Francis Fukuyama’s “end of history” thesis always struck me as more clickbait than substance. The big idea in his 1992 book The End of History and the Last Man was that Western-led liberal capitalist democracy is the end point in humanity’s search for the perfect form of government.
Much-quoted by people seeking to justify the global dominance of the West, this core idea had little actual history to back it up. No doubt, the implosion of the Soviet Union and the demonstration of US firepower in the Gulf war of 1991 to evict Iraqi occupation forces from Kuwait made this appear more credible to some, but that was mainly confirmation bias.
Democracy is an old word and a universal ideal, but in the sense of accountable rulers elected by universal suffrage, has barely been practiced anywhere for more than a matter of decades. It was way too premature to declare it complete in the early 90s when the US had only been guaranteeing full voting rights to all citizens for a quarter of a century.
As for capitalism, by the early 1990s, China and the UAE to take two disparate examples, had made clear they would use it to pursue globalization-led growth without feeling any need to seek liberal democracy.
Even on publication, with ethnic cleansing revisiting the heart of Europe as Yugoslavia broke up, the very phrase “end of history” was more offensive than plausible. Much more so as the decade continued, and genocide descended on Bosnia and Rwanda. In Congo, millions were to die in civil wars fuelled in part by the world’s demand for conflict minerals.
Hype popularized Fukuyama’s big idea, but hope also played a part. The end of the Cold War did see a reduction in nuclear weapons, Apartheid was ending in South Africa, and the rise of the internet and globalization was driving down prices for consumers. The zeitgeist had a feel-good factor, though some aspects like the formal creation of the European Union in 1994 harkening towards an ever bigger, closer Europe have encountered limitations.
In terms of Big History, the most important event of 1992 was the Earth Summit in Rio de Janeiro, which among other things saw the signing of the United Nations Framework Convention on Climate Change (UNFCCC). That showed just how widely and deeply the threats posed by climate change were appreciated at the time. Yet three decades on, greed, inertia, and vested interests have combined with greenwash to thwart many of the changes civilization needs to become more sustainable.
Hubris follows hype. In the 1990s, a proliferation of international conventions led some to imagine great powers might now shed old imperial tendencies and only project armed forces by consensus for the greater good.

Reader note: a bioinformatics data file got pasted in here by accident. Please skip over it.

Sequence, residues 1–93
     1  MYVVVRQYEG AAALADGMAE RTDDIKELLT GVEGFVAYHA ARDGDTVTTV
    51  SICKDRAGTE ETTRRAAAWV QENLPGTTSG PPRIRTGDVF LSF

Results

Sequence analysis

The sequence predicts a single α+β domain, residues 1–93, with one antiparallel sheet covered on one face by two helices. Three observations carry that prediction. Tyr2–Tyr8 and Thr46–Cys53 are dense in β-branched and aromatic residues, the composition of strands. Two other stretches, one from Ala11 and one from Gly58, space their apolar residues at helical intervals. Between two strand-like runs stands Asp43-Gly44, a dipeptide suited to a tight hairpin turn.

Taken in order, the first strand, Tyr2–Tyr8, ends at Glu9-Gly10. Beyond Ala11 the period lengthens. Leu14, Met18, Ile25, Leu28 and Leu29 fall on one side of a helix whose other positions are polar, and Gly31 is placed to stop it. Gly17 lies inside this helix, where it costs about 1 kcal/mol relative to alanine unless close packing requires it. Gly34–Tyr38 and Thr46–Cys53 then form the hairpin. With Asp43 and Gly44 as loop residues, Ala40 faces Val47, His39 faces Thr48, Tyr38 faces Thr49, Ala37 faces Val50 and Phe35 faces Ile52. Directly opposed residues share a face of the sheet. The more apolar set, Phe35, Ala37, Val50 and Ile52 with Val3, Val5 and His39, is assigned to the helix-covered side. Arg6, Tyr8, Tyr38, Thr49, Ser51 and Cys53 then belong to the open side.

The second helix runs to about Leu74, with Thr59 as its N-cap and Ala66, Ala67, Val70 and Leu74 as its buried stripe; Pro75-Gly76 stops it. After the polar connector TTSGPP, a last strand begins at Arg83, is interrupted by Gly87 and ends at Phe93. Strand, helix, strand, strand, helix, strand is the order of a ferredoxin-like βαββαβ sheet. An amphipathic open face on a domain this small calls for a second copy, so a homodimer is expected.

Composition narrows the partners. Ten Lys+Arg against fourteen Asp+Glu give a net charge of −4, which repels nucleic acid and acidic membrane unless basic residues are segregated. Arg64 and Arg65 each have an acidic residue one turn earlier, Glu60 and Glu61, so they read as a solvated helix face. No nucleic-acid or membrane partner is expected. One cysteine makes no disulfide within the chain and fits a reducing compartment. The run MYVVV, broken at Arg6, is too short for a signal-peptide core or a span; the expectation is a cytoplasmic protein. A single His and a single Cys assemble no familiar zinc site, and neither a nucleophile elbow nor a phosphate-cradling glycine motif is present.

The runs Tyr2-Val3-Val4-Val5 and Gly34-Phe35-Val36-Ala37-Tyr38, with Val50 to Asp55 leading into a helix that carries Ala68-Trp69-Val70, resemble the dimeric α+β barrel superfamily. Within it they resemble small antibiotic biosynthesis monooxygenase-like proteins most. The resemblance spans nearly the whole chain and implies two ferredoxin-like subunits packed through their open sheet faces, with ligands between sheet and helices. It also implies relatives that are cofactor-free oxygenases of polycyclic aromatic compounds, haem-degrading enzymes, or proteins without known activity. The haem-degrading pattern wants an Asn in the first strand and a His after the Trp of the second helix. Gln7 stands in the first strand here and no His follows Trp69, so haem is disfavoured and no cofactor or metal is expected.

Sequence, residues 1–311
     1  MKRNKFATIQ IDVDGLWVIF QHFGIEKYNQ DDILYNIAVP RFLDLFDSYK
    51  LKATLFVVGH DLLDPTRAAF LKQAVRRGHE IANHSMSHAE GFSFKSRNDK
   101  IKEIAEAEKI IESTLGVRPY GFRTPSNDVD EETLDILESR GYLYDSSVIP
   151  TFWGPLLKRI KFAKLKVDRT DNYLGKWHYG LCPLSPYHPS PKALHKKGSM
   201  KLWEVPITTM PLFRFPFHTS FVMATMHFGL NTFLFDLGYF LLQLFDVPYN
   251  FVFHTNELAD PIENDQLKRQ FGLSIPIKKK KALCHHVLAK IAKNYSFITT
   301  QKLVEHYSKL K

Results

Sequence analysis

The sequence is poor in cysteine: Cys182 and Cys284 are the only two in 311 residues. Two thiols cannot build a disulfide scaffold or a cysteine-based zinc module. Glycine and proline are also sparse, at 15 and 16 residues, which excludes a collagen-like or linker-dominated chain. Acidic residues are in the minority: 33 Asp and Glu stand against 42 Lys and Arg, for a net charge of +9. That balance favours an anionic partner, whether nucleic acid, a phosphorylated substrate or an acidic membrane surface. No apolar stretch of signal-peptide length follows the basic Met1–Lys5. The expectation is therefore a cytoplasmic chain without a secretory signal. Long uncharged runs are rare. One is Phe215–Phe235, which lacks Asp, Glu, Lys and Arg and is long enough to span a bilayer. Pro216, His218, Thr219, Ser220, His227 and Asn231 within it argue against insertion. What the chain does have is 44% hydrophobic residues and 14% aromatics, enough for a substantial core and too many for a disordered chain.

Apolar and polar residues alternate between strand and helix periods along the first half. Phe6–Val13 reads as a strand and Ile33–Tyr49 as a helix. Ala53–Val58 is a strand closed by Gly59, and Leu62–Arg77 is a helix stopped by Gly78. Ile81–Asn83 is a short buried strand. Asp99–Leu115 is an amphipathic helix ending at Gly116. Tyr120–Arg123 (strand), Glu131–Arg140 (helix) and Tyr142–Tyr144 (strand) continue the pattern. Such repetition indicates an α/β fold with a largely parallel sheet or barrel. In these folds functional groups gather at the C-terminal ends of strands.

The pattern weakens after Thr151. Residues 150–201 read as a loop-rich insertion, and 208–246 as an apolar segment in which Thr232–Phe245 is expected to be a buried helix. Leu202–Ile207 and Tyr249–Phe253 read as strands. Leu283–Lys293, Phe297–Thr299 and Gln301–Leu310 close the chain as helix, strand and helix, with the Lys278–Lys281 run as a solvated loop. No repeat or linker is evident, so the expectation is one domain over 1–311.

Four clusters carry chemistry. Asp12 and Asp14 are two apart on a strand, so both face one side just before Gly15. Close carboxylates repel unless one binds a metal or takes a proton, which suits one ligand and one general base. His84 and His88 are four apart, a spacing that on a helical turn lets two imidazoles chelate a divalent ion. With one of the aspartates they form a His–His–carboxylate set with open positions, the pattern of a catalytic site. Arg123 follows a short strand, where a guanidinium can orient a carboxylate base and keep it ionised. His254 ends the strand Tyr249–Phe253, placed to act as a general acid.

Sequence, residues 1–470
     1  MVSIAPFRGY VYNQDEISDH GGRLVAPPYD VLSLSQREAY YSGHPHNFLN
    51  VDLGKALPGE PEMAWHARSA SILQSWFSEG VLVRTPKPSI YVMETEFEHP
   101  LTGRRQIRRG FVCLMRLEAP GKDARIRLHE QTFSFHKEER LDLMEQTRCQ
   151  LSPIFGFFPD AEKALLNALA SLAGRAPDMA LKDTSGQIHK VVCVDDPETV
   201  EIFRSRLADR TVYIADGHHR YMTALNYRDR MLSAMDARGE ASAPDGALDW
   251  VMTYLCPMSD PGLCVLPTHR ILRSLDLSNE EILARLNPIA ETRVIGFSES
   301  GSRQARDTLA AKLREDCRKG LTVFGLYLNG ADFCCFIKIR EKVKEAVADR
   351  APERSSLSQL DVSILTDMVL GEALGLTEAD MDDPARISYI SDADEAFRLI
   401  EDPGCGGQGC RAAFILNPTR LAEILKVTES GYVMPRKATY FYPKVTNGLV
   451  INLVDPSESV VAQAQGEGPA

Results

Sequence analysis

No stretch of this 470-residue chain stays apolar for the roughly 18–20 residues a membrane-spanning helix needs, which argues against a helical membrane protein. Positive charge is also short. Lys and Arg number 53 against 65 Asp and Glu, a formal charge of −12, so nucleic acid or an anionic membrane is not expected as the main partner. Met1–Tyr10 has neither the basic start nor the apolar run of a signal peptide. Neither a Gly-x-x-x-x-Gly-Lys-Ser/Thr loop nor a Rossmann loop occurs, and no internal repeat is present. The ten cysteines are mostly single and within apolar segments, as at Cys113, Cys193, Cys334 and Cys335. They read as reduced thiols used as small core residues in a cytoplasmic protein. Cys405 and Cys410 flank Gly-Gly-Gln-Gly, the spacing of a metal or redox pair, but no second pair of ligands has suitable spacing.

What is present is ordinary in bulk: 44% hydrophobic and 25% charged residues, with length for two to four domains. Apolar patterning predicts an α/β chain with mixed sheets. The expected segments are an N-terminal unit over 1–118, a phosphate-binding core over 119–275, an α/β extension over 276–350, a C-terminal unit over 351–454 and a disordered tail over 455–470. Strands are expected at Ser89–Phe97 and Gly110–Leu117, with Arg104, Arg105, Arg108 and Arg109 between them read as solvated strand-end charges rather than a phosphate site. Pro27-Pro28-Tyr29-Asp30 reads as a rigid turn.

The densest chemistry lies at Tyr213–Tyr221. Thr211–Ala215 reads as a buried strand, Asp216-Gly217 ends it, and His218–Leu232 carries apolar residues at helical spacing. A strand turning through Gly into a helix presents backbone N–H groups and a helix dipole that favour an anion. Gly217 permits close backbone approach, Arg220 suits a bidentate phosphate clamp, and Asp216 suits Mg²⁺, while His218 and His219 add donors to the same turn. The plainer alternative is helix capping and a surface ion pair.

Interventions in Bosnia and Sierra Leone are often cited as the Balkan Wars did eventually see leading war criminals brought to justice and Serbia, Bosnia, and Kosovo today are now at peace.
Unfortunately, the “more harm than good” side of the ledger is far fuller when it comes to Western interventions such as the US invasion of Iraq in 2003 to overthrow Saddam Hussein.
Since World War II, by far the most successful humanitarian military interventions have not involved the West, but been conducted in and by nations of the Global South.
India took on Yahya Khan’s Pakistani junta in Bangladesh in 1971, Vietnam invaded to overthrow the genocidal Pol Pot regime in Cambodia at the end of 1978, and a few months later, Tanzanian forces evicted the murderous dictator Idi Amin from Uganda.
As the world wrings its hands over the Taliban takeover in Afghanistan, it’s worth remembering that long before lies over WMDs, colonial powers often cited many a modern-sounding humanitarian reason to disingenuously justify the interests of their empire.
In the 19th century, the British used the goal of ending slavery as an excuse for incorporating more colonies like Zanzibar and leaned towards the status quo during the US Civil War. Lord Cromer, consul-general of Egypt, liked to lecture his de facto subjects loudly on the need to emancipate women, even though property and voting rights were at the time far from present for women in Britain. To name but two subjugated African countries.
Mission creep prolonged the US war in Afghanistan aided by selective memory. Notably forgetting that the US indiscriminately armed fundamentalist Mujahedeen to fight the Russians for over a decade and — more damagingly for the world in the long run — that the West (and world at large) mollycoddles the Saudi regime despite it spending billions exporting the hateful intolerant interpretations of religion and institutionalized misogyny it practices at home all around the world.
Afghan civilians paid the price, and defense contractors harvested most of the $2 trillion spent by US tax-payers.
To put this in context, that is over 100 times Afghanistan’s annual gross domestic product — five times its GDP was wasted for each year of this war.
It is not only the West which selectively remembers facts. Osama bin Laden’s propaganda machine made much of the myth that he turned against the Saud royal family and the US, after Western troops were invited to the Arabian Peninsula for the 1991 Gulf War coalition, even though the Dhahran air base was first built and used by the US Air Force during WWII.
Big powers are perhaps most prone to being doomed to fail to learn from history. 50 years after Suez, France and Britain abruptly decided to overthrow the Gaddafi regime in Libya with no heed for consequences.
Less than two decades after helping Ho Chi Minh liberate Vietnam from Japanese occupation in 1945, the US followed the French into trying to defeat the Vietnamese people and began wreaking havoc and napalm across all of Indochina. Who is to say China won’t one day tread the same path as Britain, Russia, and the US in Afghanistan?
As a schoolboy in the film version of Alan Bennett’s hit play The History Boys puts it: “History? It’s just one bloody thing after another.”